After returning from the Galapagos we headed back to Tumbaco and the Casa de Ciclista where our bikes were waiting for us. Getting back on the road after time off is always a great feeling. Hopping back on the Trans Ecuador Mountain Bike Route, we took dirt and cobblestone roads south towards Cotopaxi and Quilotoa.
Riding on these old cobblestone roads is hard, even with large mountain bike tires to absorb the shock. It takes twice as long as on pavement and that is a large mental hurdle to overcome when it takes all day to go 15km.
Soon enough we realized the reason cobblestones exist as the roads turned to mud. We were in Ecuador during the rainy season and were experiencing rain every afternoon and night. We would usually have to find a place to stop by 1pm or risk getting drenched, and with cooler temperatures and no Sun, drying out by the next morning was difficult.
We got to a fork in the road where either direction consisted of 12″ of sticky, unrideable mud. We spent a couple hours trying to push our way through one way only to make it a kilometer or two. Exhausted, we turned back toward a dairy farm we had passed at the fork and asked to camp the night. We spent a soggy night cold and wet but optimistic we could detour around the mess and onwards to our destination of Cotopaxi volcano.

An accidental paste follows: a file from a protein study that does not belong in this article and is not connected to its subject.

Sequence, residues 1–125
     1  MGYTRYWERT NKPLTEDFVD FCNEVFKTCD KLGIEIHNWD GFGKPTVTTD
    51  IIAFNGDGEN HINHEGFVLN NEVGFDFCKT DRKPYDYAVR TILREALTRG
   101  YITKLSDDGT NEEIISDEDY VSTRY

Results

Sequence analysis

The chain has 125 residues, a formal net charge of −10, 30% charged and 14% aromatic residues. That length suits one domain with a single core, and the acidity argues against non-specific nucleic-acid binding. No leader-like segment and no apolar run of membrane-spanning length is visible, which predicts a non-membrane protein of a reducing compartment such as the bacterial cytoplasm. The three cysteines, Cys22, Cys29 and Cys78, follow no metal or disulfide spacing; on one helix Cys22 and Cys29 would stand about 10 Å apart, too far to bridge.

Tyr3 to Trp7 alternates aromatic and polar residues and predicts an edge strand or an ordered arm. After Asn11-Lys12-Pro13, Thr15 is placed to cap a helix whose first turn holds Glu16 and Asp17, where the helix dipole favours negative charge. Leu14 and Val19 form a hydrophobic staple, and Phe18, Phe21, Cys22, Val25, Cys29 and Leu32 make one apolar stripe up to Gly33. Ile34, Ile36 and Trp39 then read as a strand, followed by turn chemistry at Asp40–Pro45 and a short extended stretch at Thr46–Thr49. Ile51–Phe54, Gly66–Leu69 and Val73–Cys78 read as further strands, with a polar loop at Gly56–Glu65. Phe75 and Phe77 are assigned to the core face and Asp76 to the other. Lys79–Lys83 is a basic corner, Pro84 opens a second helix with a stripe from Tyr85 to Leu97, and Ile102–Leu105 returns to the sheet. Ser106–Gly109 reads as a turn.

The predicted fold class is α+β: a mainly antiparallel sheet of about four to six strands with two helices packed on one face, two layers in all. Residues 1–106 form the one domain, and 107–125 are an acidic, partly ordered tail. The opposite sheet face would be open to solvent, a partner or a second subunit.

We soon realised that wasn’t going to work either and decided it was best to head back the way we came. 40km downhill took a couple of hours. It had taken us two days to get here. We would have to resort to foggy views of Cotopaxi from the highway.
The market town of Saquisilí was a welcome respite from the rain, but both Olivia and I had come down with something. I’m blaming North American tourists on the Galapagos flight back to Quito, but the wet and cold conditions we experienced the last few days couldn’t have helped. We would spend the next couple of weeks hacking and coughing as we tried to press on toward Quilotoa.
We spent a day climbing and coughing in the rain and cold. The next day cleared up and gave us some much needed sunshine.
The climb was hard and steep. We were trying to make it to Quilotoa in one go, but ran out of gas 20km from the destination. We found a concrete walled shelter to sleep for the night, protected from the wind.
Pushing on the next day we were able to make it to the incredible views of Quilotoa.
From Quilotoa we headed south, sometimes taking the highway to avoid the rains, to the town of Alausí.
We took a day trip to the nearby Lakes Mactayan & Cubillin.
From here all roads lead to Cuenca.
We’re spending a bit of time at an AirBnB in Cuenca while we do some maintenance on the bikes but hope to be back on the bikes soon and into Peru by the end of the month.